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GE cotton presence confirmed in Cambodia

GE cotton presence confirmed in Cambodia

A genetically engineered (GE) variety of cotton, which recent research has shown

could have adverse environmental effects, is being grown in Cambodia,

agriculture officials confirmed to the Post.

Although the Ministry of

Agriculture, Forestry and Fisheries does not know how much Bt cotton is being

grown here, the number of hectares under trial is set to increase in the next

few months.

A final mission report from the Agricultural Materials

Standards Specialist confirmed the presence of Bt (Bacillus thuringiensis)

cotton in several trials at Chamkar Leu district, Kampong Cham

province.

"According to the final report of the seed industry specialist

under the Agricultural Productivity Improvement Project, there is some Bt gene

modified cotton in variety trials at Chamkar Leu," the report stated.

Pen

Vuth, deputy director at the department of agronomy and land improvement at

MAFF, confirmed Bt cotton was being grown in Cambodia.

His department had

yet to research the impact of genetically modified organisms (GMO).

"The

seeds have been growing in Memot and some in Chamkar Leu," he said. "This seed

is resistant to bollworm."

Bt transgenic cotton is the main GE cotton

variety. A gene from a soil bacteria that is toxic for the bollworm is inserted

into the plant. However, research by Greenpeace showed that resistance to the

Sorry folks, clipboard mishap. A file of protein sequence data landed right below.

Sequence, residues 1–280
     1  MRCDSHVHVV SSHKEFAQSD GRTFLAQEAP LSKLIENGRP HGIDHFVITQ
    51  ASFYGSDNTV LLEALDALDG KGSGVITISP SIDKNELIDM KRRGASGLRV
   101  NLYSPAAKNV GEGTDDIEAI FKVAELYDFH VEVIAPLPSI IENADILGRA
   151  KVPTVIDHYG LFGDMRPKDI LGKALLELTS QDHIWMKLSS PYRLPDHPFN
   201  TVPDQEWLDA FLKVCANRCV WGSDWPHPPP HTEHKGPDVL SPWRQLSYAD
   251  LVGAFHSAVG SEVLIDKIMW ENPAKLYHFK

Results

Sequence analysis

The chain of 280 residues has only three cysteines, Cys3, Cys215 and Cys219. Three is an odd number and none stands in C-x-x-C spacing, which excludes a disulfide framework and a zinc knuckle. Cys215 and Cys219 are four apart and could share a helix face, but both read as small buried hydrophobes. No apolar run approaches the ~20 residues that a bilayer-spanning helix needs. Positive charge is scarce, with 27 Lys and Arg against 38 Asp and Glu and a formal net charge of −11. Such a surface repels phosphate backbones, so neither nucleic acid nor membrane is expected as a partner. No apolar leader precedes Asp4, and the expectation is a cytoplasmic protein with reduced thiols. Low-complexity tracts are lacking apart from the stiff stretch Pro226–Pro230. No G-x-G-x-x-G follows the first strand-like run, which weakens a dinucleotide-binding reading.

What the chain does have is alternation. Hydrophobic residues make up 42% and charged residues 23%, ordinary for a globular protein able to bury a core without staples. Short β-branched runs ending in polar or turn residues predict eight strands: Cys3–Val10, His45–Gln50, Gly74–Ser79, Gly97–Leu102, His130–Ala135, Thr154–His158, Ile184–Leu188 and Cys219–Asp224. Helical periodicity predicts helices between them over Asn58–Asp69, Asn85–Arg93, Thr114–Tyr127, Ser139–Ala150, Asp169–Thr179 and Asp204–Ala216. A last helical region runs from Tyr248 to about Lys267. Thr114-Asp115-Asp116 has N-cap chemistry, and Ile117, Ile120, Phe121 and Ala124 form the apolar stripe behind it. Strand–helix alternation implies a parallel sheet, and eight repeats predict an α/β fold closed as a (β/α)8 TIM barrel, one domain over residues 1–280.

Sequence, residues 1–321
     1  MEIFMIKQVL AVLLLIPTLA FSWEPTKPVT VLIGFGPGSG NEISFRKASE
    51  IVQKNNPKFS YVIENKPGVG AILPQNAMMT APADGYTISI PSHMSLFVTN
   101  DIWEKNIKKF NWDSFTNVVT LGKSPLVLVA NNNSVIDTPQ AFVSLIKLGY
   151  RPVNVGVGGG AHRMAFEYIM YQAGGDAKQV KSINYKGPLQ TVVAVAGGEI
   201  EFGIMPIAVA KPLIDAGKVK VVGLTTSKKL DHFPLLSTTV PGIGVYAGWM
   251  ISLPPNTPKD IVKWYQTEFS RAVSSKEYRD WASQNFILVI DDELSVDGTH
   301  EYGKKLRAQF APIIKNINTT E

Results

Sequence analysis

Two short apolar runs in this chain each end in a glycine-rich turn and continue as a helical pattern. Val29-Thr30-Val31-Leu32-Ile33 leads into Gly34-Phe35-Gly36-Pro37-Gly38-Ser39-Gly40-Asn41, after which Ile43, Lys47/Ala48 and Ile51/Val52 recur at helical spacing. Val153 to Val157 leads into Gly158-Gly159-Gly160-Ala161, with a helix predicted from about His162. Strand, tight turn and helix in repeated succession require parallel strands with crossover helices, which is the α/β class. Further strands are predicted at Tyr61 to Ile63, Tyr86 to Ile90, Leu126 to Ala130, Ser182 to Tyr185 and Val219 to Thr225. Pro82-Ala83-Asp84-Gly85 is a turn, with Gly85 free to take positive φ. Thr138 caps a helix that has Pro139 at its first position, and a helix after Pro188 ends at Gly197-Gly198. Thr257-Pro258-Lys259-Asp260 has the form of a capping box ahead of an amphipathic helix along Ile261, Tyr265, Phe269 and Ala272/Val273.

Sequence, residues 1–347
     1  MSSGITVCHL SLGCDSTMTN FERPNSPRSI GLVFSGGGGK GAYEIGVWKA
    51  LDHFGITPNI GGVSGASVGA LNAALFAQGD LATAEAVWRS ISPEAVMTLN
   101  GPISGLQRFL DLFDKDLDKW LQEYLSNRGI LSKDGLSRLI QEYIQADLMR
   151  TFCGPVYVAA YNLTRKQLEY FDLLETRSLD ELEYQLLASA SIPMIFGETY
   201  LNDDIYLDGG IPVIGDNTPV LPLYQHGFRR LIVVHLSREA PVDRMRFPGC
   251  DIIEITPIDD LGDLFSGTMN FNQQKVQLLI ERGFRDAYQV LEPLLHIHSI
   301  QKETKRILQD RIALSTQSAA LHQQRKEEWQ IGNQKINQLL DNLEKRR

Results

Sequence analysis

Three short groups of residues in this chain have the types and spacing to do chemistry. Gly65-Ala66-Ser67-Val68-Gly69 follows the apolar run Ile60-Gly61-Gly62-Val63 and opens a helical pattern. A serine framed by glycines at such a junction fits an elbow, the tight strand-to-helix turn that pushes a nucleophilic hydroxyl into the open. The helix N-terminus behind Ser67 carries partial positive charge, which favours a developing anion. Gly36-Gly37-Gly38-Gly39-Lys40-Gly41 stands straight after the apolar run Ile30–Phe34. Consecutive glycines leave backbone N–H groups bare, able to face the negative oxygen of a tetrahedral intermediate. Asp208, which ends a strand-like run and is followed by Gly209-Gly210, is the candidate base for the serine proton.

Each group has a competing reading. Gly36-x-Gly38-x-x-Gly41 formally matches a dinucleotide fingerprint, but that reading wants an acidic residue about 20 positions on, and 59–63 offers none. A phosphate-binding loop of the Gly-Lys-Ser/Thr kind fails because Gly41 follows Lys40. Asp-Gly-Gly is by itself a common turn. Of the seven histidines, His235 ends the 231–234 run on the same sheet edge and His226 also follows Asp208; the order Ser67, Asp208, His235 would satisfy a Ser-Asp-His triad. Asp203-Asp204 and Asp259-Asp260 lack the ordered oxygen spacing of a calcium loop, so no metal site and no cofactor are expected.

gene could rapidly build up in the target bollworm population, leaving the

cotton "ineffective in controlling pests after eight to ten years of continuous

production".

The June 4 report reviewed the impact of Bt cotton in China,

where it accounts for 35 percent by area of the total crop. The results showed

adverse environmental effects after only five years of commercial growing.

The bollworm can develop resistance to the gene, and tests using

bollworms that had acquired Bt resistance showed their susceptibility to the

toxin decreased to 30 percent by the 17th generation. By the 40th generation

bollworm resistance had increased 1,000 times, making Bt cotton practically

useless at combating the pest.

Other worrying findings were natural

parasitic enemies of the bollworm were drastically reduced, the numbers of

secondary pests increased, and farmers were forced to continue using chemical

pesticides.

Larry Kao, general manager of the Manhattan Textiles and

Garment Corporation in Kampong Cham, said his company had provided cotton seed

to farmers since 2000 to test and grow.

Kao said he purchased the seed

from a Chinese company in China's Kwantong province, but did not know whether it

was Bt cotton. The Post asked him to translate the label on the cotton seed can,

which is in Chinese, and it read: "Transformed by the gene to [ensure] a pest

resistant hybrid."

He said his company planned this year to grow between

500-1,000 hectares in three provinces: Kratie, Stung Treng and Kampong

Cham.

The chief of the cotton seed station in Chamkar Leu, Sing Bunny,

said Chinese businessmen providing him with three types of seed to try on his

land two years ago.

They called it Chinese I, II, and III. He

acknowledged the cotton was not destroyed by bollworm, but said after

experimenting for two years, it had generated far less revenue than the normal

crop.

He said the experimental station would not grow any more of the GE

seed.

The report from MAFF's specialist stated that the presence of GE

cotton in Cambodia appears limited at the moment. However it said Vuth's

department should draft a policy on GMO crops, and provide information to

farmers on potential health and environmental impacts. It concluded that

controls over the use of GMOs should be enforced.

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